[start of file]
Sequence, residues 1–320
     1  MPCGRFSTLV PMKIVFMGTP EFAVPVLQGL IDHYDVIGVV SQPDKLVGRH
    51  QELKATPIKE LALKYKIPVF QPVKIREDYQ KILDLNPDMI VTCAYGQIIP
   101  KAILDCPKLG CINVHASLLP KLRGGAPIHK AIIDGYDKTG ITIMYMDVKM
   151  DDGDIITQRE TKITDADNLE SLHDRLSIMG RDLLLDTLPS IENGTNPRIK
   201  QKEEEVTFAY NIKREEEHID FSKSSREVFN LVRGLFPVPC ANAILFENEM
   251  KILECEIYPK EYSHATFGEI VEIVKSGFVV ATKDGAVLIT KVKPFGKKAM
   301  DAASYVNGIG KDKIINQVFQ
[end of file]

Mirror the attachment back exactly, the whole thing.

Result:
Sequence, residues 1–320
     1  MPCGRFSTLV PMKIVFMGTP EFAVPVLQGL IDHYDVIGVV SQPDKLVGRH
    51  QELKATPIKE LALKYKIPVF QPVKIREDYQ KILDLNPDMI VTCAYGQIIP
   101  KAILDCPKLG CINVHASLLP KLRGGAPIHK AIIDGYDKTG ITIMYMDVKM
   151  DDGDIITQRE TKITDADNLE SLHDRLSIMG RDLLLDTLPS IENGTNPRIK
   201  QKEEEVTFAY NIKREEEHID FSKSSREVFN LVRGLFPVPC ANAILFENEM
   251  KILECEIYPK EYSHATFGEI VEIVKSGFVV ATKDGAVLIT KVKPFGKKAM
   301  DAASYVNGIG KDKIINQVFQ